Saturday, November 29, 2008

And You Thought Your Divorce Took a Long Time!

The Sunday Real Estate Section of any newspaper provides fascinating reading and a fertile ground for wondering. Who is selling? Why are they selling? Who needs to buy - and why?

The stories behind the sales run the gamut of virtually every facet of human life: moving for a job, upgrading due to accumulation of wealth, finding a larger home for a growing family, buying the first starter home, downsizing after the children move out . . . . Some of the stories, though, include sadder times in the lives of the buyers or the sellers: divorce, death, foreclosure, illness, etc.

Read a story here in the New York Times about a couple who separated in 1990 -- and the wife is just able to put her home on the market now! Turns out the former husband had another family -- and the jig was up when he sent his children from each family to the same private school (Come on, pal, did you really think you would get away with that?)

The case wound its way through the courts, both state and federal, and circled around a complex legal web. The Manhattan apartment is now valued at $15 million.

It is so easy to say "I do." However, when it comes to to say "I no longer do . . . . " the wheels of justice can work at a snail's pace.

(Please note links expire approximately seven days from date of posting. To find the story, go to the New York Times website and search for "A River House Listing, 18 Years Later" by Josh Barbanel).

Friday, November 28, 2008

Taxes & Divorce . . . Choices & Decisions

The Internal Revenue Service, and for that matter, most state laws, generally treat married couples as one economic unit. So what happens to your tax status when you are in the middle of a divorce? Who claims the children as dependents? Who claims the mortgage interest? What is you never married but share a child -- who claims that child as a dependent?

These questions should be answered by your attorney in conjunction with your accountant. Some answers are simple, bright line rules. Others are fact specific to each situation. And many tax situations can be bargained.

A great place for background reading is the IRS website. Click here for a great booklet: Publication 504: Divorced and Separated Individuals (2007). And keep checking back to the IRS website for the 2008 version of this booklet.

(Please note, links generally expire in seven days. For more information, go directly to and consult with your attorney and accountant.)

Wednesday, November 26, 2008

Happy Thanksgiving 2008

Have a wonderful and peaceful holiday!

Friday, November 21, 2008

The Economy and Divorce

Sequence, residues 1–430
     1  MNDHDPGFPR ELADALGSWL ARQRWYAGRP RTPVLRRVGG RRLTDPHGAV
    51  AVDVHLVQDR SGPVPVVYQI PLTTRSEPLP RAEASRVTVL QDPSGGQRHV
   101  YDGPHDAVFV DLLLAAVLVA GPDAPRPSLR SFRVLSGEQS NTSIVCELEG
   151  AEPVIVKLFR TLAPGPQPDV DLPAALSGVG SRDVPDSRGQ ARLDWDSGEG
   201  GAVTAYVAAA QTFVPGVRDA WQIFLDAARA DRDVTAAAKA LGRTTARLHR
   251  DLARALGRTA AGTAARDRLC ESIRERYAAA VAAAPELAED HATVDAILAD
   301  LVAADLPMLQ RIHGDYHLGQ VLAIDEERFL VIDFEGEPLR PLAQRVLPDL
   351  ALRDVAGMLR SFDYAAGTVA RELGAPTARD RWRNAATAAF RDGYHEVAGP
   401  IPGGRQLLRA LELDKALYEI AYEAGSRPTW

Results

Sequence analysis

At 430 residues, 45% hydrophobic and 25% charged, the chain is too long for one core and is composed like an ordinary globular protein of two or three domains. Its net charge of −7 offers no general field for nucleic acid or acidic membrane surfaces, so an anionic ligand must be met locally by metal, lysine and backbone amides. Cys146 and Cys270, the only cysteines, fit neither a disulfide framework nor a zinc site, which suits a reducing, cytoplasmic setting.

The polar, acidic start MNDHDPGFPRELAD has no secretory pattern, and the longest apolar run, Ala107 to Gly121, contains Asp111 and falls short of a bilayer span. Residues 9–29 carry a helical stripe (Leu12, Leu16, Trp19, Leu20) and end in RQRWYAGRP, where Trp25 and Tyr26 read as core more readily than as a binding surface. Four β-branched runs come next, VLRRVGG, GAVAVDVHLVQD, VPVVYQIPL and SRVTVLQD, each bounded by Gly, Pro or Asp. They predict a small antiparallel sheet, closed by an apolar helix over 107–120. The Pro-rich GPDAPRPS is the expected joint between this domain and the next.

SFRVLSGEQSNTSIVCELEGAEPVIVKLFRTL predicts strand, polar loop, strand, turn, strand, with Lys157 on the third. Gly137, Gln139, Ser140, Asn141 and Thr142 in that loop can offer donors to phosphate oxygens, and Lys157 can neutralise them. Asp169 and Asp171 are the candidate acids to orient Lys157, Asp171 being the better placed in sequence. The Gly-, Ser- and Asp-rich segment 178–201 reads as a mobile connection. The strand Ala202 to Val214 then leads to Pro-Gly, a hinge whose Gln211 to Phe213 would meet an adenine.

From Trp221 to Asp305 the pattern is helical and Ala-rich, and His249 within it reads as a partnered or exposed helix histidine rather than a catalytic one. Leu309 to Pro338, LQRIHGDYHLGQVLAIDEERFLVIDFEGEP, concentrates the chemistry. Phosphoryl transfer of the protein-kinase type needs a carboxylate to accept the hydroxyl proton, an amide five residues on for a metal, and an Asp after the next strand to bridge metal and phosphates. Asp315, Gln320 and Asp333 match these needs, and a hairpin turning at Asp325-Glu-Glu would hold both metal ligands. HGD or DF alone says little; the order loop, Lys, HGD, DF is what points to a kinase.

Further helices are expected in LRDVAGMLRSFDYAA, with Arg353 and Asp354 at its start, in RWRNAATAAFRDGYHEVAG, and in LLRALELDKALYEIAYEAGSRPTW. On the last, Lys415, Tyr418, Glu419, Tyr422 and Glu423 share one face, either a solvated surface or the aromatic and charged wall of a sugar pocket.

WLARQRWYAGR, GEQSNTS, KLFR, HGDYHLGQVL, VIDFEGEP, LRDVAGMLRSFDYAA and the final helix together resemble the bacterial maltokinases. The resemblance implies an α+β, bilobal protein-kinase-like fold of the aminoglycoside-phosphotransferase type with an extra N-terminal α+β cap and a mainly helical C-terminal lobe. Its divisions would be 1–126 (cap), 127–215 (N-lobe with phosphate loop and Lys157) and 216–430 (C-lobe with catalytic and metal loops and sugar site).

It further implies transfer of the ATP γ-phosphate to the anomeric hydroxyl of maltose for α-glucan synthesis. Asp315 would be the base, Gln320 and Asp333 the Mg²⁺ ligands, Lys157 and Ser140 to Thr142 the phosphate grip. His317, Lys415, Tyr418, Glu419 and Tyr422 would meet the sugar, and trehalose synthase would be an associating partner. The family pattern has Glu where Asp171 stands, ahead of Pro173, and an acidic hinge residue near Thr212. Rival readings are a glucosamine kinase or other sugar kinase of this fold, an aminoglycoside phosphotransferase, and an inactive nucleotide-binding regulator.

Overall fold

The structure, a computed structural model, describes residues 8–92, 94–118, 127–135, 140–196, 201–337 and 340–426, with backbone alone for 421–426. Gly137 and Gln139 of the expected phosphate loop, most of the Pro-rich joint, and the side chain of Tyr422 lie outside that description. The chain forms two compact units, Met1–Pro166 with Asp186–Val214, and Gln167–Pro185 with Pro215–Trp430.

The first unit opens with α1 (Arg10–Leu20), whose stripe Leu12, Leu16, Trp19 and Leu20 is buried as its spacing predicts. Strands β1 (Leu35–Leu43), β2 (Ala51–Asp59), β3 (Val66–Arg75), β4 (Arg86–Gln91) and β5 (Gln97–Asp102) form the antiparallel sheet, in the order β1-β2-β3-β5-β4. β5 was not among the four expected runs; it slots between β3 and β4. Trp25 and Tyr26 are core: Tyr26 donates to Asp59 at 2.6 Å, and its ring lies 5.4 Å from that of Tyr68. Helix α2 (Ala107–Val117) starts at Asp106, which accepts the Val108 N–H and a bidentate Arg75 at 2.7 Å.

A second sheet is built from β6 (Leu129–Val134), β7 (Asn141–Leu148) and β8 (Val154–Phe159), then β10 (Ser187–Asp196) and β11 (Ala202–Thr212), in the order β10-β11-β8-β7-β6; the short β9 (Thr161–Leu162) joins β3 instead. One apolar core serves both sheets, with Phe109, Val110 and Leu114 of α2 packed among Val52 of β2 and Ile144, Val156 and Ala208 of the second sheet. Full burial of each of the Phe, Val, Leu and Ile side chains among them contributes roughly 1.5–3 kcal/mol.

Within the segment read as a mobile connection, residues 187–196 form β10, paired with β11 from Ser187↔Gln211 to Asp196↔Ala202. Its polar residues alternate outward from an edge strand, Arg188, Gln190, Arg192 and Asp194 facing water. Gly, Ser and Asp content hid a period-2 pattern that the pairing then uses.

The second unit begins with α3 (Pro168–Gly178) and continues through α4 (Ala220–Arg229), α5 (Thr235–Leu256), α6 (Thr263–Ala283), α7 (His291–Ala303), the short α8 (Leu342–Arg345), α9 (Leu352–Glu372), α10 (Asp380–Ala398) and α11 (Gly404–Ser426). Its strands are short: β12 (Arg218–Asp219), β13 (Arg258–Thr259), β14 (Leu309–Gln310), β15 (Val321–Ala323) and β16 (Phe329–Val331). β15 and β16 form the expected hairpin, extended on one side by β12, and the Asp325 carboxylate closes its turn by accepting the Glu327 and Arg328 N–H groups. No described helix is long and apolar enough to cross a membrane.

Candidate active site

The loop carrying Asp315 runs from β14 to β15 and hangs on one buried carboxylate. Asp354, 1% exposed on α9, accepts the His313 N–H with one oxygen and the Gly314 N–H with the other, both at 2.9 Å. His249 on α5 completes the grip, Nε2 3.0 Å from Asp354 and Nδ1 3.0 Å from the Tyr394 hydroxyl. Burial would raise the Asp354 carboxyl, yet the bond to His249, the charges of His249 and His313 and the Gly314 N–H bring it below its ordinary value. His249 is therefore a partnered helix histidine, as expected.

Click here for a recent article from the Atlanta Journal Constitution regarding how the current economy affects divorce.

Thursday, November 20, 2008

Thanksgiving & Divorce - The Lighter Side

Thanksgiving Divorce

A man in Phoenix calls his son in New York the day before Thanksgiving and says,"I hate to ruin your day, but I have to tell you that your mother and I are divorcing; forty-five years of misery is enough.

"Pop, what are you talking about?" the son screams.

We can't stand the sight of each other any longer," the father says. "We're sick of each other, and I'm sick of talking about this, so you call your sister in Chicago and tell her."

Frantic, the son calls his sister, who explodes on the phone. "Like heck they're getting divorced,"she shouts, "I'll take care of this."

She calls Phoenix immediately, and screams at her father, "You are NOT getting divorced. Don't do a single thing until I get there. I'm calling my brother back, and we'll both be there tomorrow. Until then, don't do a thing, DO YOU HEAR ME?" and hangs up.

The old man hangs up his phone and turns to his wife. "Okay," he says, "they're coming for Thanksgiving and paying their own way."

Wednesday, November 19, 2008

Child Support Terms

Occasionally, in the world of child support, judges, litigants and lawyers use acronyms and phrases that may appear foreign to the uninitiated. Here is a brief, non-comprehensive list of some of those terms:

Arrears - past due, unpaid child support or other support owed by the payor.

Bench warrant - an Order issued by a court or a judge that directs law enforcement to apprehend an offender.

Emancipation - when a child no longer is a dependent, which is determined by state law. For purposes of child support, generally speaking, in Pennsylvania, a child is emancipated once they graduate from high school or reach the age of 18. In New Jersey, there is generally no automatic emancipation. As with most rules, there are exceptions.

EPPI Card - this is a form of electronic disbursement wherein child support is deposited on a custodial parent’s debit card. Many people prefer to have the child support directly deposited into their bank account.

Garnishment - a legal proceeding wherein an employer can withhold a person’s wages and turn it over for payment of a debt, such as child support.

Obligee - the person who receives child support.

Obligor - the person who pays child support.

PACSES - this is the abbreviation for the Pennsylvania Child Support Enforcement System.

SCDU - This is the abbreviation for the State Collection and Disbursement Unit (pronounced "scadoo").

Thursday, November 13, 2008

Sure Fire Ways to Lose Your Custody Case